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every other man

The light outside the main entrance to our building has gone out again. The heavy metal door swings wide as I pull a hat down over my ears. In the darkness there are maybe twenty teenagers standing still. My boot scrapes across the ground, slowing down. Their hands in pockets, shoulders hunched, I look for a space to pass between them. A voice appears, saying hello in English, with an obvious accent. I am all instinct, sayingpivyet as I pass, not looking back, wondering who said this. There was a boy that was an extra in Blackbetty that lives in our building, but he is too young, too short for it to have been him.

I look back, navigating the puddles in the street. It does not make any sense.

N is with V, making their way home. I meet them, pulling V into my arms as she chatters about her day, about dry leaves and princesses, about her grandmother's apartment and what she ate there. We are going back home, and I try to explain the odd collection that stands outside. As we pass th…

vertigo (look back in anger)

Paranoia is common in expats, starting with the sideways glances, the wide-eyed locals who stare at you, the schoolgirls in the foul air of the metro snickering at your shoes. You do not fit and they can spot you a mile away. You pay double, or triple price. At home you were savvy. Here you are a sucker. The militia and police seem to bristle as you pass them, guns swaying across their chests. 

You are often humiliated. They use confusion as an excuse to fool you, when the whole time they know exactly what they are doing. You will never get that money. You will never get that favor. You will never get that phone call.

Between the knowing and the not knowing I feel a sort of vertigo. Every sound in the night is an alarm. Ever creak is E waking up crying, padding across the floor of the dark hallway, tapping on my bedroom door. All too often this is the case. The sound of the other shoe dropping is something I anticipate now, something to expect.

Dodging bullets until you go down, I think to myself in the middle of the night as I read a book to her, as she squeezes her eyes closed searching for sleep. 

Looking back I am terrified. Perspective, and room to breath allows me to see what we went through. We spent years living from moment to moment, working our way up a ladder one rung at a time, focussed on the next payment, the next meal, the next visa. It is only when the soldier returns from the war when they realize what they did to stay alive. This is the aftershock no one is prepared for. To go home or to create a new one makes us think we have put the past behind us. "Now, life can go on." We  whisper to ourselves.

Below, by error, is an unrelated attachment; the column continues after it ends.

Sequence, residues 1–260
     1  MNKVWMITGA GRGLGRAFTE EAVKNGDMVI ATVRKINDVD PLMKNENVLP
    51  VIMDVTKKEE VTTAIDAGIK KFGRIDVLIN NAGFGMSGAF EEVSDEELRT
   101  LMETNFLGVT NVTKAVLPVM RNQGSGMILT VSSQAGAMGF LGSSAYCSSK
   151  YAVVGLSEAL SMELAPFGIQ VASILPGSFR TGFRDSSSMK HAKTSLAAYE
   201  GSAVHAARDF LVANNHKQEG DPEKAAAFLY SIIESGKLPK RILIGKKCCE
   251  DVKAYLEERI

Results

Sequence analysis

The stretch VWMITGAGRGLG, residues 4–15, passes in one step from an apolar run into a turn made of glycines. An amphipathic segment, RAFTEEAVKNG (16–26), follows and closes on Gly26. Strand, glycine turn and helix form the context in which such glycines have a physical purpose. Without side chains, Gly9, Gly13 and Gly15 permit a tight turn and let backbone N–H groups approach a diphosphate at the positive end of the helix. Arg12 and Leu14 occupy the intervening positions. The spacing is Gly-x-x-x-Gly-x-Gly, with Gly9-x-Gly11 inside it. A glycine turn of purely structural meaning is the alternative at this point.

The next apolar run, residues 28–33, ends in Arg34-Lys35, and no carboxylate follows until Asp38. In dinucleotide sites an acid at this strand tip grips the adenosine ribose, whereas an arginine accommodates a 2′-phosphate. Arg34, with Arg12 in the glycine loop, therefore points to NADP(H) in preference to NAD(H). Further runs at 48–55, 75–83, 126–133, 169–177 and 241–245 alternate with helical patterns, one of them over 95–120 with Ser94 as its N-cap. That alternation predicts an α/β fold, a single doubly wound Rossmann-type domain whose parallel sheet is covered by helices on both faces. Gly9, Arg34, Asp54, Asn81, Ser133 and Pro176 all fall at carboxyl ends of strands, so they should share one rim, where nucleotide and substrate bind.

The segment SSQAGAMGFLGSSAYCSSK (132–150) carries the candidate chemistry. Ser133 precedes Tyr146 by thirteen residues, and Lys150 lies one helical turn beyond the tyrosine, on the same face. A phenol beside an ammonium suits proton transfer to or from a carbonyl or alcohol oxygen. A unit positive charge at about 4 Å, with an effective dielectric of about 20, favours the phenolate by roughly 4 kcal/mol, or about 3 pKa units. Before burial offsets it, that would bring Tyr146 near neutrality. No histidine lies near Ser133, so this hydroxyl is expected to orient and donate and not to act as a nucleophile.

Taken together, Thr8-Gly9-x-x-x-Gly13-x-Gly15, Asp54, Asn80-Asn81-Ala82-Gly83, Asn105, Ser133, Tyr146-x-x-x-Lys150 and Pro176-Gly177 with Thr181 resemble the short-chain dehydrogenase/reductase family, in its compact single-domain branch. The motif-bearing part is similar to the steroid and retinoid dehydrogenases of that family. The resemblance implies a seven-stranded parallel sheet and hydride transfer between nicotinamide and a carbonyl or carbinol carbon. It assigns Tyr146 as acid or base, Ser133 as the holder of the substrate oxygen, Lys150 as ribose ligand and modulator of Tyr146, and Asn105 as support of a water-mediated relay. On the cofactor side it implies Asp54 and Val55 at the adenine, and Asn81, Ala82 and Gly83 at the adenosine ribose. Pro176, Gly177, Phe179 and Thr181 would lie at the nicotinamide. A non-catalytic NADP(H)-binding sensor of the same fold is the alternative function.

Looking down makes me restless, a cascade of memories and anniversaries at every turn. I see the death of a marriage ill-fated and stillborn. I look back in anger at how I spent six years trying to resuscitate it. 

I turn in the night.


Faces, streets, sky all play out like a roll of paper being twirled far in front of me. A play that cannot be real. I do not hear anything. This is the slow march of depression and I know it.

The face in the mirror across from me is foreign. 

A life in exile, some days even separated from my own hands, voice. Every expat faces a loss of self sometimes. But I am not Orpheus or Narcissus. On a bad day I am Sisyphus. By grace and luck, by that tiny golden kernel in my brain I rise. Better to attempt at being the child of the Phoenix. 

Eggs will help, and strong coffee. The bacon is crisp, now dolls on the kitchen table with names I must remember. The indulgence must end. There are clothes and dishes to wash, play dates to schedule, phone calls, meetings, stamps, documents. 

It is time to get out of the house somehow, E's hand tight in mine. Time to look forward, not back. Sentiment breeds contempt, I remind myself. It sours the milk.


People get poisoned. Some survive. Some look back in anger.




Comments

Omgrrrl said…
Vertigo is the best way to ascertain the effects of the strangeness that whirls around us.

Balance is allusive.


PS Thanks a lot. I have that damn Oasis song stuck in my head.

Love to you all!
invisible woman said…
Yes.
A bout of Expatitis.
Keep on loving - you'll get through.

IW
Marco North said…
thanks to both of you. I was just playing guitar for E while she took a bath, and she gave me some spontaneous lyrics about the color of love. to her, it is yellow. strong medicine...
liv said…
We never know where the choices that we make in life will actually take us, but the road ahead is still long for you and your two lovelies. Clutch the love and watch out for the landmines.

I think E isn't just full of love, I think she brings you luck as well. She's a little talisman, that one is.

Cheering you on till a better day comes. L
Banker Chick said…
I always read you first every Monday, but I always wait to comment since My first instinct is to Mother. Mothering,is not what you are looking for I am sure. You are so strong and have the love of E to make you stronger. Just hang in and fight the battles you need to fight and know that E is so worth it and all of us, who read you, are facinated by your story.
Does it help to know that I would love to be there suffering expatitis???

Will be in NYC for Thanksgiving..Ya gonna be there? Would love to meet up with you.
thecatalanway said…
Your words spoke to me this evening. I hope and trust you are past this now but I am in the midst of it and it is good to find someone who writes it down and knows.
Haven't read anything else as I found on on a google search about anger and the expat but - whereever and whoever you are - thank you!

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